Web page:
Training Your Bird Dog
Q: My breeder told me his dogs have a lot of natural talent,
I'm not sure that I even need to plan on taking him through a training program.
What are your thoughts? Can expect him to do it all naturally?
The genetic potential to be a great bird dog is just that, the potential. To reach that potential your dog needs the experience. He needs both bird exposure and training. In short, he needs you to step in as his coach.
Without training and your assistance as a coach, all that your pup will have to direct him is his inherent desire for birds. In short, he will use his genetic toolbox to find and chase available prey. If that means chasing dove at the feeder in the backyard or squirrels across the top of the power line then so be it. He will pursue what is available in his environment. Chasing squirrels may very quickly become his focus. The emphasis there is on chasing.
In order to survive in the animal world a predator (ie: canine) will pick up the trail of a prey animal by either sight or scent. He will then pursue or stalk that prey until he makes the attack and gets his meal. It’s not natural for a predator to stalk their prey and then wait for another predator (ie: humans) to go in and get the meal.
That’s where training comes in. Through training we can teach our canine friends to locate our prey and wait there for us to go in ahead and shoot the bird. This is a controlled stalk...or a point.
There are some schools of thought that a dog, if allowed to chase enough, will soon learn they cannot catch the bird and begin to point and from that point forward we can successfully hunt with them. It is our experience that this generally does not hold true. If a dog chases enough a couple of things will happen. They will eventually catch a bird and they will develop the mindset of always chasing.
In our world today, many of the birds we work with and hunt are pen raised. These birds are more likely to not fly very well or very far. That means many times they will end up being caught. Success in catching birds after the flush will encourage a dog to chase.
Even when a dog is working wild birds they can catch them and will develop the habit of chasing. If you’ve come by our facility you’ve probably seen our old grey faced GSP, Abby. She was raised on a 47,000 acre ranch in West Texas. Talk about a bird dog’s paradise to run loose and chase birds everyday! And that is just what she did. Calculating the numbers of birds that dog chased in her youth is mind boggling. It’s safe to say she easily averaged a covey a day for the first two years of her life. And she caught her fair share of wild birds too.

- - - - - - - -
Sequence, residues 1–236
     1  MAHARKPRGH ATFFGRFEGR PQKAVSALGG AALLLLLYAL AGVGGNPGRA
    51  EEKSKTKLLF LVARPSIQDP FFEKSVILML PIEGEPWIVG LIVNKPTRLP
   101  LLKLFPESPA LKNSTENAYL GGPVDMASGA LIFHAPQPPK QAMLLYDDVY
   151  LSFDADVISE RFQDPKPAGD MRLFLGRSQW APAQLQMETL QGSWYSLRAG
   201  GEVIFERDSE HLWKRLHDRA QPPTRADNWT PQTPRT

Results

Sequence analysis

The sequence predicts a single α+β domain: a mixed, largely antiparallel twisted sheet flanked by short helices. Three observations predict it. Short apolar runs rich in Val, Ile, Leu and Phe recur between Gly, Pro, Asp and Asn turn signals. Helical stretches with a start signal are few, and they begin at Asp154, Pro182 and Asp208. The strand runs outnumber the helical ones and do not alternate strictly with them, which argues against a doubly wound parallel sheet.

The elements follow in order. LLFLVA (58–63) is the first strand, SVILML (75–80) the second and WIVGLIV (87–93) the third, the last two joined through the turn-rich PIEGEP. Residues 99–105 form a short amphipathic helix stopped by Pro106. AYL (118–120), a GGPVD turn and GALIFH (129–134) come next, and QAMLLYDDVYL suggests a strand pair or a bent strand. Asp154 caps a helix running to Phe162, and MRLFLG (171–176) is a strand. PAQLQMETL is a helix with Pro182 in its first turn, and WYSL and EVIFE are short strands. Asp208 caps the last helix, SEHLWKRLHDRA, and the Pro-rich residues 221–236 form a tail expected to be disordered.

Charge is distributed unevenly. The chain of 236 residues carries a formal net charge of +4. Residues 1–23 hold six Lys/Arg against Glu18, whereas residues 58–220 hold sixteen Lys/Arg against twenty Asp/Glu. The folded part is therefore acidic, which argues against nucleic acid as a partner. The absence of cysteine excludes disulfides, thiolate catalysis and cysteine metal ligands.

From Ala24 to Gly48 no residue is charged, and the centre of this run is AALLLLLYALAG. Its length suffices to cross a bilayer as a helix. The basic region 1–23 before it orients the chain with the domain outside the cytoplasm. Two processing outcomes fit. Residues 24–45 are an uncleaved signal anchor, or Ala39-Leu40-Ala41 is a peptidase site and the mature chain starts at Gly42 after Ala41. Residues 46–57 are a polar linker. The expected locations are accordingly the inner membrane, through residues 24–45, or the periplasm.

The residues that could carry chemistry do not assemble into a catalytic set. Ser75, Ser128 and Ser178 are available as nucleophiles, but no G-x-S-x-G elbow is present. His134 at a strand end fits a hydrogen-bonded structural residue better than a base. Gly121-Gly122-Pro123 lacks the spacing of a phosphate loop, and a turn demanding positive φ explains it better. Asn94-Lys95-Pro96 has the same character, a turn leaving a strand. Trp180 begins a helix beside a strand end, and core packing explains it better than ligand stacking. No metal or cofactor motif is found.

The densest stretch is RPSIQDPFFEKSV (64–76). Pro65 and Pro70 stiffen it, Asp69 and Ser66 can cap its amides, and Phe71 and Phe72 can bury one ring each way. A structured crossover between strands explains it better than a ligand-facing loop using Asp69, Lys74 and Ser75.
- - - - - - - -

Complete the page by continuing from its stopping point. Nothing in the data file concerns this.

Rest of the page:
With that experience that very few dogs are able to gain, what did Abby learn? To be an extremely proficient hunter and to chase every bird she could find.
So in order to have a proficient, yet steady bird dog that you can be successful hunting with, young dogs need to be provided with both the bird exposure and the training. The bird exposure will hone their skills at using their noses to locate game birds (instead of using their eyes to track the squirrel on the power line) and training to learn to stand on point until released.
If you can get your young pup out in a field multiple times a week it will really help him to develop his inherent instincts. Let him discover tweety birds, briars, water, and whatever else he may encounter. Learning to be comfortable with the sights and sounds he will find out in the country will help him. If you can get some game birds for him and introduce him to birds that will begin to develop that ability use his nose to find birds. Give him as many opportunities to find birds as you can.
At about a year of age you will want to begin formal training with your young dog. There are three basic behaviors that every well trained bird dog should know. Those are; go with you, come to you, and stand still. Training your dog those simple behaviors will help you to develop a dog that is steady on his birds and is a pleasure to hunt with.
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